June, 2039. Two Princeton University seniors, killing time between their last finals and graduation day, decide to play some one-on-one basketball in Dillon Gym. Neither one has exercised since high school and the game ends when one of them wrenches a knee — the sound of cartilage tearing can literally be heard.
A few days later, when he is still hobbling around and the joint shows no sign of getting better, the would-be athlete schedules an appointment with Dr. W. Thomas Gutowski of the Princeton Orthopedic Group and a longtime surgeon affiliated with the University Medical Center of Princeton. Well into his 80s, Gutowski is past the days when he would sometimes be on his feet 10 or 12 hours a day, performing what were then state-of-the-art total knee and hip replacements at the hospital’s Jim Craigie Center for Joint Replacement.
But these days surgical repairs of torn knees are rare. Instead Gutowski uses advanced imaging techniques to precisely locate the torn areas and then makes a few strategically located injections of a new biologically formulated material that promotes the growth of brand new cartilage that bonds to the remaining cartilage. Give the material some time to grow and integrate into your own joint structure, Gutowski advises the young patient. Then follow a modest exercise regimen, and in six to eight weeks you should be as good as new.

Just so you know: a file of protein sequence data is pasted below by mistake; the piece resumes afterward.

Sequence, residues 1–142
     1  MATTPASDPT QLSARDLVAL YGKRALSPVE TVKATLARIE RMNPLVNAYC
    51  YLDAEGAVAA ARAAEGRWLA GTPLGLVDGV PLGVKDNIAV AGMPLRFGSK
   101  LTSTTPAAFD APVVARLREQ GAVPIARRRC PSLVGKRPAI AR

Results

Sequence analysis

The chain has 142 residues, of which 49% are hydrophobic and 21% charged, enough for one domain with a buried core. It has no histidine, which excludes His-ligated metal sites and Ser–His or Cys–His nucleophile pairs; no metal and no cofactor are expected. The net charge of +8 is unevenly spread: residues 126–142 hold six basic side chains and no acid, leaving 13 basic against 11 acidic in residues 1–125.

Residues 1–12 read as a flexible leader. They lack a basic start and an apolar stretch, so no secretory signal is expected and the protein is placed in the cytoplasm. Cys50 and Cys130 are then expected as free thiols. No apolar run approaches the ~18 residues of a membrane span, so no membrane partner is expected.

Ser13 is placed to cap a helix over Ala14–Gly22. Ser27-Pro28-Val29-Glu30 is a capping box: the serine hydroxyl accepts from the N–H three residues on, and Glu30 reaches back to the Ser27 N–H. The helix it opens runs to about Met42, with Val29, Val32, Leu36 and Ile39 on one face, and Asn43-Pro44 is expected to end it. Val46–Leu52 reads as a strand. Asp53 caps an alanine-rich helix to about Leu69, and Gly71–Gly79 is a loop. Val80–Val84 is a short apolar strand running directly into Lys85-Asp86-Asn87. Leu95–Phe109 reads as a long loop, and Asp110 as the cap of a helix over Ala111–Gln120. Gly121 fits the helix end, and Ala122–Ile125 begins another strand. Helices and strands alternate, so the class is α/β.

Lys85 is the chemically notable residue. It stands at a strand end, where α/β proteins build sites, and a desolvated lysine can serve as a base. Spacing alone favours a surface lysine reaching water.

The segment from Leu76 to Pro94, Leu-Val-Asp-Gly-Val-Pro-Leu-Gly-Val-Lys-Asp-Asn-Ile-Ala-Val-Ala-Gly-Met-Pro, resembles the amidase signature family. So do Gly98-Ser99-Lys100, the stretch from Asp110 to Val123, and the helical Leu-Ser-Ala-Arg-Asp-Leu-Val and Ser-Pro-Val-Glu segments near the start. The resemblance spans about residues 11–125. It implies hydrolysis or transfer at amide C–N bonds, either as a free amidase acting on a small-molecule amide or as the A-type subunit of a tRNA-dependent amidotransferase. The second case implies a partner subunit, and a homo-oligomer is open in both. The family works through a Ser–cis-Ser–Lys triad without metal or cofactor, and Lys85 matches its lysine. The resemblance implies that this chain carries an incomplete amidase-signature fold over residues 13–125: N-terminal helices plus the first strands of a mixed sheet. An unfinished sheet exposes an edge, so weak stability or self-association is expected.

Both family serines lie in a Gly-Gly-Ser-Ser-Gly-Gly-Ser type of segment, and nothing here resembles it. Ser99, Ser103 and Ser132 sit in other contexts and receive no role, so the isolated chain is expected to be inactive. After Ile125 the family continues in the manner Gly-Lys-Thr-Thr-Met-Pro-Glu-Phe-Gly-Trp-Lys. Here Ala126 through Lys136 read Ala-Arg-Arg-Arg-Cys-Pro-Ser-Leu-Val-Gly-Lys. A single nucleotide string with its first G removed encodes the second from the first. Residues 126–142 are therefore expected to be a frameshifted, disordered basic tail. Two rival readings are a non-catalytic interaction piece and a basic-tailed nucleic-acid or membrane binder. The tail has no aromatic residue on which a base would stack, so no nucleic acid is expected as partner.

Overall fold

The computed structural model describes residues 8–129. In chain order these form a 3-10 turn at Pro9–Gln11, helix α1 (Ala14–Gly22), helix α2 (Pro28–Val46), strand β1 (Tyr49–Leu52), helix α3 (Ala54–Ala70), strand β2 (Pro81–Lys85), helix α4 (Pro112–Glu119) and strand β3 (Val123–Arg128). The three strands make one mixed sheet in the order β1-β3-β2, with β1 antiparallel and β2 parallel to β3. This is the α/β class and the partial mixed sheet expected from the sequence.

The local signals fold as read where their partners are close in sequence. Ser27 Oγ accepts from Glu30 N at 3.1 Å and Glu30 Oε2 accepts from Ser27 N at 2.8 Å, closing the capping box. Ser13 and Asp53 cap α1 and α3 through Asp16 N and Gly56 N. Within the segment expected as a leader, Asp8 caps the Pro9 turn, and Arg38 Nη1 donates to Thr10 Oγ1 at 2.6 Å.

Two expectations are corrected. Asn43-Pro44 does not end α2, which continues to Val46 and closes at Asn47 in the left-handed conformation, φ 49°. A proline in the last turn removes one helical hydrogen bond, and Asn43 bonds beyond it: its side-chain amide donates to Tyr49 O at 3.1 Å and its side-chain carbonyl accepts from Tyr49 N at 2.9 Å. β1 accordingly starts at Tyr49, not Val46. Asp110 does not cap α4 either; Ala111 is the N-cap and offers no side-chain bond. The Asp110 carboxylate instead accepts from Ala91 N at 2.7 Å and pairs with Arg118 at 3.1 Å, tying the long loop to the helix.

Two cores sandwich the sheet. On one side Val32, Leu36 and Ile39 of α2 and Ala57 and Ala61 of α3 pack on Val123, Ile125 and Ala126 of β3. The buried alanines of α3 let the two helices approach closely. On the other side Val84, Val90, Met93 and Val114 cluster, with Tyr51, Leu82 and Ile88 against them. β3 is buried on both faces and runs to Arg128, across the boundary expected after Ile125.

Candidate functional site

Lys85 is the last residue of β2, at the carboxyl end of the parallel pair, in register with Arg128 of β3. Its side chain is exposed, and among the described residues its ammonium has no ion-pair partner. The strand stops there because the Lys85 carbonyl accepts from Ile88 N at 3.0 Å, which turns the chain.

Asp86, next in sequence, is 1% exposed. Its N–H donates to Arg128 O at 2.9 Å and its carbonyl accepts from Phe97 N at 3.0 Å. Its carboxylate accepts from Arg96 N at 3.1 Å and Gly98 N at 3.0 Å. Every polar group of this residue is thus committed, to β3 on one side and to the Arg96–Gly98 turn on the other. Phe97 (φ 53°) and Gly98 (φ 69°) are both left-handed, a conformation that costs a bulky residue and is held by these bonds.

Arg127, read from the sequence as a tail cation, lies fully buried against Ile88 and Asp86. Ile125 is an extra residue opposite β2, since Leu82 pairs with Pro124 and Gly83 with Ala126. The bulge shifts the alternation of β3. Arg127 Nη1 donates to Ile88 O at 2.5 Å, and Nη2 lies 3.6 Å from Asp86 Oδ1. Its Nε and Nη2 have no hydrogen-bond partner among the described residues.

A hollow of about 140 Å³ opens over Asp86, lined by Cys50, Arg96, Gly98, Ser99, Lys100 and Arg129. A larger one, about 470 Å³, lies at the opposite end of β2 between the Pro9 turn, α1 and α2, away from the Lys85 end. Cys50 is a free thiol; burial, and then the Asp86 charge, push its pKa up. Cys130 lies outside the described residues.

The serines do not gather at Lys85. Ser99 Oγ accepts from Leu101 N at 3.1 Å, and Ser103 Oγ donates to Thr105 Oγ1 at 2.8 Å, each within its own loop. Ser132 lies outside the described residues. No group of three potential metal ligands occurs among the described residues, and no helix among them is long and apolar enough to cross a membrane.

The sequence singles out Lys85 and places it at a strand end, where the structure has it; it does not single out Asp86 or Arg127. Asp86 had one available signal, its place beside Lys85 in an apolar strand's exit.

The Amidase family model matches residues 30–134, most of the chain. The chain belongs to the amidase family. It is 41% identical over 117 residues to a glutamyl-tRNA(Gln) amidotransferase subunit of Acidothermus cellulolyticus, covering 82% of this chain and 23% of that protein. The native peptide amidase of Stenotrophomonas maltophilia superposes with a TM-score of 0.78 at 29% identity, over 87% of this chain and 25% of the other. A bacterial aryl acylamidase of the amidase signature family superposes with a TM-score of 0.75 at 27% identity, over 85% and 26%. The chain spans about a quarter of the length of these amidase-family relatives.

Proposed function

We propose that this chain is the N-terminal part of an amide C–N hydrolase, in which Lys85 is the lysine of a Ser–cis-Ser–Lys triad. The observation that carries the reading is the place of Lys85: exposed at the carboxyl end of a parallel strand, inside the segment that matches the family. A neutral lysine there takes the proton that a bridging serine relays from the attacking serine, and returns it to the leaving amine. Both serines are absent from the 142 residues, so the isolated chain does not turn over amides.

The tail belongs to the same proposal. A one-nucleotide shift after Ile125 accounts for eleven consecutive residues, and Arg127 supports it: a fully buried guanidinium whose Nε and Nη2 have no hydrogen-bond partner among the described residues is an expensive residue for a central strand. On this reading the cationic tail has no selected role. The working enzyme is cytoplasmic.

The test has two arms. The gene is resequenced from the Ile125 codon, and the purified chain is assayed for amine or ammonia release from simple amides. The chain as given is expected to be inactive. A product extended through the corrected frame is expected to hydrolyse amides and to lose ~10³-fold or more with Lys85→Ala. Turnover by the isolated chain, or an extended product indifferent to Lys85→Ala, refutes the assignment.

That’s a vision of 2039. But, sadly for me, I tore my knee in a pick-up basketball game on the Princeton campus way back in June, 1969. Then the appointment was with an orthopedic surgeon whose only option was to surgically remove the torn pieces, sew me back up, and send me on my way. Physical therapy was an after-thought. Sit on the edge of a desk, the surgeon told me, put a few cans of soup in your mother’s purse, and then lift that with your leg a couple of times a day. In six weeks you’ll be good enough to dig a ditch. It was the height of the Vietnam War; the surgeon was a hawk.